Motorcycle clothing maker Draggin Jeans says any changes to reduce flexibility in the workplace or increase costs will pressure the company to move more manufacturing offshore.
In its Fair Work review submission, Grant Mackintosh of Draggin Jeans says the rise in the Australian dollar had hurt the company and the upcoming carbon tax made it “move some production to a more friendly environment.”
“Any changes which reduce flexibility in the work place or increase local costs will put pressure on us to move more manufacturing offshore,” Mackintosh writes.
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He says it was not just higher manufacturing costs but also increased sourcing, warehousing and logistics costs that would mean the “flow on effect is substantial”.
A submission by The Ark Clothing Co directors Christine Metcalfe and Jenny Layton raises concerns about the Textile, Clothing, Footwear and Associated Industries Award’s “unintentional impact on legitimate home-based subcontractor businesses.”
“The effect of the award is to deem all such businesses to be employees even in situations where prior to the introduction of the TCFA Award those businesses were enjoying above award hourly rates,” the pair writes.
The directors slammed the proposed changes as inflexible and unfair to legitimate home-based businesses.
They say the changes would lead to decreased manufacturing productivity and disregarded the “special circumstances of small and medium-sized Australian manufacturing businesses in the fashion industry.”
Clothing and textile industry contractor Meriel Chamberlin writes in her submission that she can work as a sole trader for multiple clients in hours that suit her – but as a sample machinist in the same circumstance, she would be breaking the law.
She says the current Fair Work legislation was anything but fair and penalised flexible working options in an industry with a high proportion of women in its skilled force.
“Why should ?female? trades be more difficult to work around family commitments than ?male? trades due to minimum and maximum hours restrictions?”
She says skilled workers in the fashion trade were being denied the flexibility those in other professions enjoyed and small companies wanting freelance services for sampling and product development “would have to do it through a middle man who had these sample machinists on their 20-38 hours per week.”
But employment consultant Douglas Brown says there are “no rights for the worker during their probationary period” and “usually no representation for workers in the workplace”.
This created a situation, he says, where “if workers do not choose to join a union they are unrepresented and therefore exploited at every turn, particularly in the probationary period, which is currently around six months.”
Brown says that from his own experience as well as anecdotal evidence, workers have “no means to resolve grievances and disputes” with employers during their probationary periods.
“As a result, workers are regularly violated by not being paid, suffer physical and mental abuse and other similar violations where they have nowhere to turn for assistance.”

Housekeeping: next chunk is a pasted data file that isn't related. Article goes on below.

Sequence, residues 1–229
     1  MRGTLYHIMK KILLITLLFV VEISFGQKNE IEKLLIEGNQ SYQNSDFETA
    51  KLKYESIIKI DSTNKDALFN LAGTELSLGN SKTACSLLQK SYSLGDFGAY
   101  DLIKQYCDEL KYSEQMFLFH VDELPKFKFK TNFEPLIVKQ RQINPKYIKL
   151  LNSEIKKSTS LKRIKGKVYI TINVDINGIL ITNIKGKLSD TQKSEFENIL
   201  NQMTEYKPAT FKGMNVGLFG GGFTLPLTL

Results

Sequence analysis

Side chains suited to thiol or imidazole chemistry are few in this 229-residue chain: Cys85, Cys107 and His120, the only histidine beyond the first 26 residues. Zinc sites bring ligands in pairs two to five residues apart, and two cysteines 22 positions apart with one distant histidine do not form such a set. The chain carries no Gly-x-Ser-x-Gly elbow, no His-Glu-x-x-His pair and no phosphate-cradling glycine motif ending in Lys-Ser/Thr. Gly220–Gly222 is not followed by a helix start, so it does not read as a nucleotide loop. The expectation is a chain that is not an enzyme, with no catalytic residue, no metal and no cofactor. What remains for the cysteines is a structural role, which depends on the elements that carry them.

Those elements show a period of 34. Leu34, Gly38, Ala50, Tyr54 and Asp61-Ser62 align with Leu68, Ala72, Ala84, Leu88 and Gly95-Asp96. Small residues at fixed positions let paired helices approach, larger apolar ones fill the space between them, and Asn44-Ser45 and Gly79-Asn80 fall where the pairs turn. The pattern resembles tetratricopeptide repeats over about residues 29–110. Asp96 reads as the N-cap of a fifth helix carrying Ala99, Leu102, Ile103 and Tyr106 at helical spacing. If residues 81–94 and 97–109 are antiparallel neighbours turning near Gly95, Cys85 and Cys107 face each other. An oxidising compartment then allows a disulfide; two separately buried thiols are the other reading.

He also says many employers had not paid promised bonuses: “In most of the employers I have worked for these bonuses are either not paid out or are paid out reluctantly.”
In a another submission, small business owner Jan Gregory says business cannot be expected keep up with penalty rate payments when Government bodies gave conflicting advice about which days in December were public holidays.
“As there is clearly an unacceptable level of confusion within Fair Work Australia as to what rates applied, it is hardly reasonable to expect business owners who operate on public holidays to have the correct information,” Gregory writes.
She says this was vital information for businesses deciding whether they would stay open on public holidays.
Gregory says beyond coordinating the payments for both state and national public holidays, there is an “urgent need to review the level of payments on these days, especially for small business operating seven days a week.”
“As the majority of hospitality operators appear to disregard their obligations in this respect, (anecdotal evidence), there is obviously a need to establish an economically viable and universally enforceable regulation to ensure that on public holidays there is fair payment in Australia, fair to employees and fair to employers,” she writes.
“In hospitality, there is no way that a public holiday surcharge or a Sunday surcharge comes anywhere near the amount of the penalty wages plus extra for Super. This is despite having every seat taken all day.
“Only businesses that pay correctly are affected. It’s not affecting those that ‘hit the till.'”
Gregory also highlighted a requirement to pay leave loading for dismissed employees, irrespective of the dismissal reason: “Support should be given to businesses where the employee has clearly breached requirements.”
“It appears that if the person were guilty of “serious misconduct” in the Services Industry, then the leave loading would not apply. In the hospitality industry, it doesn’t matter how unsatisfactory an employee has been, the leave loading has to be paid.”